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Here we are, the middle of December, with Oscar-bait films being released left and right. Has my trifecta of must-sees, There Will Be Blood, The Kite Runner, and Atonement, showed face here in the sleepy town of Buffalo? No, of course not, they are too afraid to leave their big cities for the threat of blizzard conditions. What is there to do then? Oh, yeah, go see I Am Legend at the local multiplex. At first glance, I thought it was kind of weird to be going to a Regal on opening night. It is quite the anomaly that it had been so long since I did so. Well, maybe not, because whether subconsciously or otherwise, there was a reason I steered clear of mainstream fare at stadium-seated arenas. The crowd was laughing at inappropriate moments, people wanted to see Will Smith kick butt and not act with the talent he so clearly contains, and children decided to talk throughout the entire duration. Funny as it was to hear a 14 year old say to his friend that he couldn’t believe this film wasn’t R, it was like nails on a chalkboard. Those indie darlings can’t come to our quaint little Dipsons soon enough. Wait…this is a movie review right?

Francis Lawrence had impressed me with his very underappreciated Constantine and I was somewhat psyched to see what he could do with this material. Based on the novel of same name by Richard Matheson, I Am Legend has the potential to be a great psychological thriller, commenting on man’s quest to be God, while instilling some nice scares and monster work. For the most part, Lawrence succeeds on all counts.

I will admit to being drawn in completely right from the start. In a film that potentially follows Smith around, alone, for two hours, I was completely taken aback by the introduction. We are shown a television interview between an uncredited Emma Thompson and Ms. Klugh from “Lost”—I was not expecting that. Soon enough, though, we are vaulted right into the action, three years later, to the deserted and overgrown city, ground zero for infection/home to our hero Robert Neville. The filmmakers really handle the exposition brilliantly, showing us the day to day routine for our immune scientist spliced together with memories of the final minutes before quarantine with his family. You really do become quite engrossed with the environment and on edge from the subtle hinting of the Dark Seekers (don’t you dare call them vampires).

Will Smith is a powerhouse here. I don’t care what your feelings are towards the man, he truly is good at his craft. As far as making one film a year, he knows how to pick a role that will challenge him into giving his all, whether or not the work itself succeeds. His emotions are always realistic, the relationship with his dog Sam is heartwarming, and the moments showing how cabin fever has set in (talking to mannequins that he has set up strategically throughout the city) help explore the fractured soul he now must carry alone, while also lending some nice comic relief. It was all working so well, everything was methodical and relevant, his quest for finding a cure vastly important. And then, of course, it all fell apart.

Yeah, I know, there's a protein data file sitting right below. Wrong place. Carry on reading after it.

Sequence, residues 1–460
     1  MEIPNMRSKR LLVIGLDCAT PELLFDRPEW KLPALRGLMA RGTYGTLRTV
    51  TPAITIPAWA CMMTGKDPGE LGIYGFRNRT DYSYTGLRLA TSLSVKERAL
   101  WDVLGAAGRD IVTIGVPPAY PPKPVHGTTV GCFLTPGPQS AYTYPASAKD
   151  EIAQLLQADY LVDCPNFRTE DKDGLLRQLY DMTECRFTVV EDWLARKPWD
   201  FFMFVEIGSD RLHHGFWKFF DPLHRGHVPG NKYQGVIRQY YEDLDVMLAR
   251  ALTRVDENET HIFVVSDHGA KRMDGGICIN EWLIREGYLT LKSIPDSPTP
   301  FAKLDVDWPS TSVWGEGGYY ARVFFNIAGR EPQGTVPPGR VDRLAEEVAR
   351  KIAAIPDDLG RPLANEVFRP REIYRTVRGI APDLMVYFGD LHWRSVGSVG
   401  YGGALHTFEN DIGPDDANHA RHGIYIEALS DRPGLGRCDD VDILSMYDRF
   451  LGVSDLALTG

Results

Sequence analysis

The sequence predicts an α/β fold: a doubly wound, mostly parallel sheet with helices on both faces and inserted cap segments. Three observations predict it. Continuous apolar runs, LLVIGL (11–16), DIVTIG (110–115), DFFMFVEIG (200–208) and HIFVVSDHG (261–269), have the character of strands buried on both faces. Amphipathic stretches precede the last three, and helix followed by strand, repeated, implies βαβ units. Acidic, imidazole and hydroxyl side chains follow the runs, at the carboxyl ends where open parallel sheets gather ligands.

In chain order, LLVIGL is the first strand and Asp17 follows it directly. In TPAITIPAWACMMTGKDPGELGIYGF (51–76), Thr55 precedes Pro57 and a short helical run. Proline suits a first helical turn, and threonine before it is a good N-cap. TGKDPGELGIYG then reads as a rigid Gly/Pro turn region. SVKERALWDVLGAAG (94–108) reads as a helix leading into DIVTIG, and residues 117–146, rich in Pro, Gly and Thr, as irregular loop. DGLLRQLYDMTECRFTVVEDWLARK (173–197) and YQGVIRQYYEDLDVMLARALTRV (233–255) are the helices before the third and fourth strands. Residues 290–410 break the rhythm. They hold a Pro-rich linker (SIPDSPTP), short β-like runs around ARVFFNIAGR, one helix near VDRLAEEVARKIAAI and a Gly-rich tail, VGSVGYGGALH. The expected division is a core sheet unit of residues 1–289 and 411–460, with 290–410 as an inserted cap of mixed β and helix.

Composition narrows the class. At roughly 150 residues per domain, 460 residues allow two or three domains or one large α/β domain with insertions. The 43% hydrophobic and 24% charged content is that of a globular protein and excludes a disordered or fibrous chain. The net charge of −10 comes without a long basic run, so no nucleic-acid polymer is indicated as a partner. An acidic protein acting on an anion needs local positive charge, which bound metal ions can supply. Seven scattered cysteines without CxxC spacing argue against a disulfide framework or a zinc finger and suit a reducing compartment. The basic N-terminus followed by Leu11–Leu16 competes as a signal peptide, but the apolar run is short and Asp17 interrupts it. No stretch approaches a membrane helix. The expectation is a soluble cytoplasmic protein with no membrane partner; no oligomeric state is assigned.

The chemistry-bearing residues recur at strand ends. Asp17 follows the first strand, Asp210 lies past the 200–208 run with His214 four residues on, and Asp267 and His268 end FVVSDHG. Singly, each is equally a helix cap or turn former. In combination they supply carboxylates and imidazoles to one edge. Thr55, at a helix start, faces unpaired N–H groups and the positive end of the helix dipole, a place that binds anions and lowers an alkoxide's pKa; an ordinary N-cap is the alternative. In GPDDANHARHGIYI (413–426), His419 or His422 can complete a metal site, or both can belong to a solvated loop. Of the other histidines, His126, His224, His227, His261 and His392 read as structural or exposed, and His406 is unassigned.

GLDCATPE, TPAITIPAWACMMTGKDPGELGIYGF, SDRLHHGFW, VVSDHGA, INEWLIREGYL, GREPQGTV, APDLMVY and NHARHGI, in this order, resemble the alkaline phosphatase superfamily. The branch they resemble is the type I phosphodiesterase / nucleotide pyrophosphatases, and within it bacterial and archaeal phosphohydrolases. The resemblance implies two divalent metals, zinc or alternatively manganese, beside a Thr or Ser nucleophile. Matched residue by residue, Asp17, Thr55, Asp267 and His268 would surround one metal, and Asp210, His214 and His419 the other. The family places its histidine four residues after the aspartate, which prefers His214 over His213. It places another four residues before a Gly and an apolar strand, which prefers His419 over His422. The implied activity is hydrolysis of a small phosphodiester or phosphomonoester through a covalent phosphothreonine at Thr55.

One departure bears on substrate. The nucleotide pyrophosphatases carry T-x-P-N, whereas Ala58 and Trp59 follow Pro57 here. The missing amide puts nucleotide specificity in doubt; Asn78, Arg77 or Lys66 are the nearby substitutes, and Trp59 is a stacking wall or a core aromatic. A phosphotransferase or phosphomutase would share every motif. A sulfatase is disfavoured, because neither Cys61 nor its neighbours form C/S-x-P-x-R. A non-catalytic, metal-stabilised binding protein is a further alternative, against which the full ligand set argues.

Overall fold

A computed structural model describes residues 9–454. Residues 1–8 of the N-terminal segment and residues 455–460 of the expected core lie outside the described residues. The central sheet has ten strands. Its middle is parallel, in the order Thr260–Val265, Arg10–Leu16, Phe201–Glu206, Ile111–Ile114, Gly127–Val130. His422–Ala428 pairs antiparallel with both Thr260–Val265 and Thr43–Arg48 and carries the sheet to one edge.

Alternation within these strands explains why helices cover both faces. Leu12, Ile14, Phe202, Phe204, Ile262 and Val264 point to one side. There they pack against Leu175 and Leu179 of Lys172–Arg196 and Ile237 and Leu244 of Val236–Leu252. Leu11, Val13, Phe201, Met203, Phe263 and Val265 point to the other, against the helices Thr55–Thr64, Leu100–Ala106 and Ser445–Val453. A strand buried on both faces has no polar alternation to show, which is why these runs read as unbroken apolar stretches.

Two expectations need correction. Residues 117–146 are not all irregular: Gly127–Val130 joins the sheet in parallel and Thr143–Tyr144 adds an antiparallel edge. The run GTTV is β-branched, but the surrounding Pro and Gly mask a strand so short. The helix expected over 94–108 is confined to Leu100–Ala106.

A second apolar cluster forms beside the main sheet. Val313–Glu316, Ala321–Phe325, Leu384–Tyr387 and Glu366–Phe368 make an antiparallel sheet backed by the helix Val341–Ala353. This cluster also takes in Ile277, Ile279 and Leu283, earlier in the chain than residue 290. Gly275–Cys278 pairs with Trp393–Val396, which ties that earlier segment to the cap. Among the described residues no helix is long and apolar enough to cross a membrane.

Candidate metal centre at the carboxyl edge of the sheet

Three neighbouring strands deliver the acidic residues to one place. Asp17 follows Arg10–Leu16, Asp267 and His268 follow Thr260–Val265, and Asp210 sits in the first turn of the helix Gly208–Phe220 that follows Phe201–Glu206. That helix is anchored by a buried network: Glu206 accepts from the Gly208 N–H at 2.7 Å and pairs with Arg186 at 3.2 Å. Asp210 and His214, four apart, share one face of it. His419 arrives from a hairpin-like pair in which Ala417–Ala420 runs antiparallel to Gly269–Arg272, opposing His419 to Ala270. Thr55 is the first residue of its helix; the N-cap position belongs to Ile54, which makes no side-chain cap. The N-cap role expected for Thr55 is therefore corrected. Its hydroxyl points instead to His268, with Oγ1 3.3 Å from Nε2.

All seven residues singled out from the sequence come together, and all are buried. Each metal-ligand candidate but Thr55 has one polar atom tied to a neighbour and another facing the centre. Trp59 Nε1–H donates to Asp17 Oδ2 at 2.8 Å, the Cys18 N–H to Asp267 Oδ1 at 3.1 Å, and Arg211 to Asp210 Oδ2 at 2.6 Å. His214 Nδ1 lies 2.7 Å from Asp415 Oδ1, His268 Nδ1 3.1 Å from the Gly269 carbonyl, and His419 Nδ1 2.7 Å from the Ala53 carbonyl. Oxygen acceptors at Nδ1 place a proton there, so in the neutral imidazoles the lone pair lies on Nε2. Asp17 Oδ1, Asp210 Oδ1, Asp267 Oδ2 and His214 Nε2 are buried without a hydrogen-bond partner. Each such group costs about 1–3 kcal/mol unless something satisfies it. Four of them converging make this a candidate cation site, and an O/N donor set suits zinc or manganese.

Showing the enemy, completely made from computer graphics, is one thing, showing them for extended periods of time is another. When shrouded in darkness, the creatures are very effective, when they all of a sudden become conscious and intelligent, they become utterly laughable. Why does the leader have to hold such a dorky smile the whole time? Just be menacing and non-committal; I wanted monsters devoid of humanity. Sure Smith’s Neville says they have finally lost all human qualities, but he is wrong. The fact that they have learned to fight back smartly and risk exposure to sunlight in order to catch a glimpse at him shows they have become more human. They are no longer roaming wild for blood lust, now they want to have some fun with personal vendettas. What’s more human than that?

Even then, the film could have been forgiven, but alas, it tries to tidy everything up with a nice bow on top. Much like Signs, where the minutiae of the first three-thirds of the film all of a sudden gain mystical meaning to the point of scripture—rectifying all—I Am Legend takes its slow burn and turns it into a race for the finish. It is all too quick and way too easily done. If only it was all hinted on throughout, it wouldn’t have felt so tacked on. This disappointment, however, makes me want to read my copy of the 1954 novel to see how much was changed. The credits say based on the 1971 screenplay for The Omega Man before they say based on Matheson’s book. I won’t be surprised if the ending is what was taken from the old film version, the effective character study being what was gleaned from the original source.

I Am Legend 6/10

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